What we see here was the majority of the former electro-pli-mattress department, most of the actual merchandise from this area consolidated just out of frame to my right. With all that consolidated, this became the perfect home for more racks of clothes (as prior to the closing, the footprint of the men's department was slowly creeping further into the electro-pli-mattress space anyway).


     This lone register was buried amongst all the clothes. Originally this was the store's electronics register, which eventually got demoted to the layaway payment register, and now was just sitting here amongst all the clothes waiting to get dismantled. I have no idea if this register was being used for anything at this point in the closing sale, but as you can see, it was still very much working when I was here.


     More racks of clothes were placed down this aisle, which separated the housewares department from the softlines side of the store.


     More clothes, with the shoe department appearing to my left.


     This aisle in the shoe department was the only totally empty aisle I remembered seeing during my entire visit this day, so either the shoes were selling well at 50% off...


     …or people just wanted to break in this store closing and toss all the shoes on the floor instead.


     Now that we've seen the traditional store closing shoes on the floor, we poke out from the shoe aisles for a quick glimpse at the fitting rooms. It's hard to tell if the fitting rooms had been closed at this time due to the liquidation, or if it was just a mess back there.


     Here's one last look across the back of the store as we loop our way back to the front.


     The left side aisle was also filled with lots of clothes, just like all the other main aisles on this side of the store.


     Back up front, we find the check lanes to my right, somewhere behind all those displays.


     One last look at the front end before we head out...


     I'll leave everyone with this parting shot of the exterior to wrap up today's installment in my Vero Beach Kmart closing series. The next time I get around to this series will be our last installment showcasing this store while it was still in business. With how far the liquidation had progressed by that time, the next installment will probably be the most interesting out of this entire series, considering how much will have changed. I'll get to that at some point, and I'll try to see what I can work on for my next installment of MFR.

So until the next post,

AFB

Friday, November 5, 2021

The "Key" To Success - Key Food (former Bravo Supermarkets, nee Jo-Ann Fabrics) - Daytona Beach, FL

 Key Food of Daytona Beach
(former Bravo Supermarkets/Jo-Ann Fabrics)
1509 S Nova Rd, Daytona Beach, FL - The Promenade

Welcome to Daytona Beach! And an uncommon supermarket. Key Food is a brand that's more well known in the Northeast, especially New York. But, perhaps in tune with all the people moving from New York, Key Food has had an expansion push in Florida recently, slowly opening stores, primarily in former Bravo Supermarkets, which had gained quite the rough reputation in Florida due to a lack of upkeep.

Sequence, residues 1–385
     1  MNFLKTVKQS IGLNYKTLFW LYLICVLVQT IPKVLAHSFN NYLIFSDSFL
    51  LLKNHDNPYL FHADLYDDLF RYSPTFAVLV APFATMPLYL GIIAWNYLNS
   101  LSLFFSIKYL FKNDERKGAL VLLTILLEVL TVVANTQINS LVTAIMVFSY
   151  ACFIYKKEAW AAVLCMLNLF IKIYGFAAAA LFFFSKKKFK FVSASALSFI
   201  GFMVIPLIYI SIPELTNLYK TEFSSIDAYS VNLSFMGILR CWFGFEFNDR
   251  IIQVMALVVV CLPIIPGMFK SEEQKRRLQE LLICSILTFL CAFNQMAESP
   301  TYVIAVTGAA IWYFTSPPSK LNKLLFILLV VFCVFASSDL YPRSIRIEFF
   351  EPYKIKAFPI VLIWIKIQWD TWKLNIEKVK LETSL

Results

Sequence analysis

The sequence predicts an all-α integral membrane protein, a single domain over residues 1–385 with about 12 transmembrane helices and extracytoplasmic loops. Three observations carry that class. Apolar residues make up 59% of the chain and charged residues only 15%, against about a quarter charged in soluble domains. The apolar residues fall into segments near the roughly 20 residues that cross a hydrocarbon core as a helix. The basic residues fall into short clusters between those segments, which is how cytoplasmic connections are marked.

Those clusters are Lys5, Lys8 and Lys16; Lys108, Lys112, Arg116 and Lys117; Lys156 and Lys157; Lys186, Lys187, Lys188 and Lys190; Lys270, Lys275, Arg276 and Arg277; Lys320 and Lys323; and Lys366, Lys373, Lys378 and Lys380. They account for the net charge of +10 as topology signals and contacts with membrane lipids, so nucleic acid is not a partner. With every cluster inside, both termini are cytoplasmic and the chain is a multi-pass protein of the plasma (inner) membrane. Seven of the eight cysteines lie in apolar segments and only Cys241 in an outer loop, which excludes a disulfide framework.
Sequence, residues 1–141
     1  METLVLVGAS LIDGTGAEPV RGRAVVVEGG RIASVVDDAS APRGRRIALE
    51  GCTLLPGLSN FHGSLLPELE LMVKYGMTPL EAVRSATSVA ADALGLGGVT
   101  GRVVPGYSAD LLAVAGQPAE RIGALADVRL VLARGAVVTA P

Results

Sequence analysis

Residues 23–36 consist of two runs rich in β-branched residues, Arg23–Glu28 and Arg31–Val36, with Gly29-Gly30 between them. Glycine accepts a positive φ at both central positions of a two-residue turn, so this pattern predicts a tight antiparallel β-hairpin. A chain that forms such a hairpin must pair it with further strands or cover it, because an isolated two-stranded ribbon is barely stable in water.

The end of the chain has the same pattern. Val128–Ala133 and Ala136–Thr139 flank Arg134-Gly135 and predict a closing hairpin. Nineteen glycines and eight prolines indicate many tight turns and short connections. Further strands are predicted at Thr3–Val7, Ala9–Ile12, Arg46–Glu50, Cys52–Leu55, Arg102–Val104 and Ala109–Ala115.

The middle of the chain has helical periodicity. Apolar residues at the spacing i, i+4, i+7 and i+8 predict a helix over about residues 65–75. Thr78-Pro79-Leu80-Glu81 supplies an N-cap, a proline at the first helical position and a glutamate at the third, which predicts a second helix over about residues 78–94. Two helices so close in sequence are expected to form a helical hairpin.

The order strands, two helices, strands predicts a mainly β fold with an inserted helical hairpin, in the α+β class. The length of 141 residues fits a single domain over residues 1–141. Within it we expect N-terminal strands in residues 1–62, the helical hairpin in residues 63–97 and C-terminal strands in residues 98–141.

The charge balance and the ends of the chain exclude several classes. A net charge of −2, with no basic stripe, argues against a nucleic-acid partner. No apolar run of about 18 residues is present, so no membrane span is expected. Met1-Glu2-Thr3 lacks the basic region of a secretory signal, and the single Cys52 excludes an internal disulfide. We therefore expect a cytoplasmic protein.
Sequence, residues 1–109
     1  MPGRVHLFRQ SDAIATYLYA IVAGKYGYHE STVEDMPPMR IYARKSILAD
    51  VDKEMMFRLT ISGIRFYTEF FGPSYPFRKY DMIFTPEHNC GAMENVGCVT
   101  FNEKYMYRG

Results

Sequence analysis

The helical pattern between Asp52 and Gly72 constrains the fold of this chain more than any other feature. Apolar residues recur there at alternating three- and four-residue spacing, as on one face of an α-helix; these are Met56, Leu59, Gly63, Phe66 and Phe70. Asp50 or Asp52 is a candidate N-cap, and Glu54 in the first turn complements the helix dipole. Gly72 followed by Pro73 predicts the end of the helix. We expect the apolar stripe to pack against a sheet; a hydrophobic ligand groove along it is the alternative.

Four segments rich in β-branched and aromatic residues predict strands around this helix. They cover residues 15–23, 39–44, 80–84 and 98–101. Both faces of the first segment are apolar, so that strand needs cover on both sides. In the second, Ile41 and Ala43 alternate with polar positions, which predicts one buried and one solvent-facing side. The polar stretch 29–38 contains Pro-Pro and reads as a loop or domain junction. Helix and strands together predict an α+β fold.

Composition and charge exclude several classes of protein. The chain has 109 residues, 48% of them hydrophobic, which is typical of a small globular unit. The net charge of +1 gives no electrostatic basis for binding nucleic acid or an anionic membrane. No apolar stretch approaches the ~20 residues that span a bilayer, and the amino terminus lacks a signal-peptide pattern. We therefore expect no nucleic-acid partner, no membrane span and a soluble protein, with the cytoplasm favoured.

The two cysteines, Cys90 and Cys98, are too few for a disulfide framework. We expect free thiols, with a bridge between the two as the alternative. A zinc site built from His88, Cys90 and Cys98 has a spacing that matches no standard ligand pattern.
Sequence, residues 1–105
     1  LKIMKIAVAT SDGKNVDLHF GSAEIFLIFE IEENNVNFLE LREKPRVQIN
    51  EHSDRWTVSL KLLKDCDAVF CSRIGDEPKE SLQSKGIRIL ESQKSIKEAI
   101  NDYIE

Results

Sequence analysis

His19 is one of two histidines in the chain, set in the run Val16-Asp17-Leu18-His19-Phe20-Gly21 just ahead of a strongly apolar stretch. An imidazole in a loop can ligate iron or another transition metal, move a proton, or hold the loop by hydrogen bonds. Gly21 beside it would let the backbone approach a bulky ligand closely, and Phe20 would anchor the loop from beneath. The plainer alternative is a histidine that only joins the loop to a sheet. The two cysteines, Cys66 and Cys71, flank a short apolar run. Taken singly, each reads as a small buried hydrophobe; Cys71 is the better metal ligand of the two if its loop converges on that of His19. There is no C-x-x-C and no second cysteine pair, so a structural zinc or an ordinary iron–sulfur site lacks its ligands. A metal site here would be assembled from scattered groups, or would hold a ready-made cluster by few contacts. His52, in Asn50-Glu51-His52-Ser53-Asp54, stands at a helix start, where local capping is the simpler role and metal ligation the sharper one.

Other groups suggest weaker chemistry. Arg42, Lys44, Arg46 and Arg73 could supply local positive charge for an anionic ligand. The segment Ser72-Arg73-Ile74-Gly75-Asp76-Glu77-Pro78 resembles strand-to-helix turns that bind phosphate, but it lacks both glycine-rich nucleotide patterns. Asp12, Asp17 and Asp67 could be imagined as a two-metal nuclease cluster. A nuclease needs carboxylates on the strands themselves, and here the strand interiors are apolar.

The facade here is pretty unassuming, and this can be traced to this spot's heritage as a Jo-Ann Fabrics, not a supermarket. There was a supermarket in this plaza originally, a Winn-Dixie with the distinctive "1st Generation Marketplace" facade, but we'll get to that later. The facade is also unchanged from Bravo's time here, except for the signage.


Before we dip inside, we'll take a look at their very eclectic cart selection, housed in a former Publix corral. A healthy mix of ex-Walmart carts, ex-Toys R Us carts, and some randomized red and wire carts for flavor. Even a child seat cart, which is rare for mix-and-match sets like this.


Entering the store, we'll take a quick look at the checkout stands. They're rather compressed, but are clean and modern, which is better than a lot of operating Winn-Dixies can say.


A quick look at the checkout lights, again clean, modern, but also not super remarkable.



Turning to the produce section, we get our first look at the proper decor, which I really like. It's similar, but not exactly the same, to the package YonWoo looked at back in 2019 in Winter Garden. And while the little "Fresh Seafood" banner at the back does kinda cheapen it, it's still pretty nice overall, certainly great for typically under-decorated small chains like this.


A quick aisle shot here shows them well-stocked, if a smidge narrow. They had a wide selection of Hispanic-market sodas, and I was able to pick up a few I hadn't seen before.


Our final shot shows the back of the store, as well as one of the aisle markers. The store was barely out of an active remodel at this point, so the cleanliness is expected, but still nice to see.

To round off our post, let's take a quick look at the rest of the plaza.


One of this plaza's other interesting features is it, at least had, an "arcade", a small hallway that contained some smaller tenants. Unfortunately, like many others, this one has fallen vacant and is now closed up, the only hint of anything more being some weirdly set entrances, and a hallway outline visible from aerial views. This one had even gone through the trouble of papering over the doors and windows, leaving me with no look at the interior.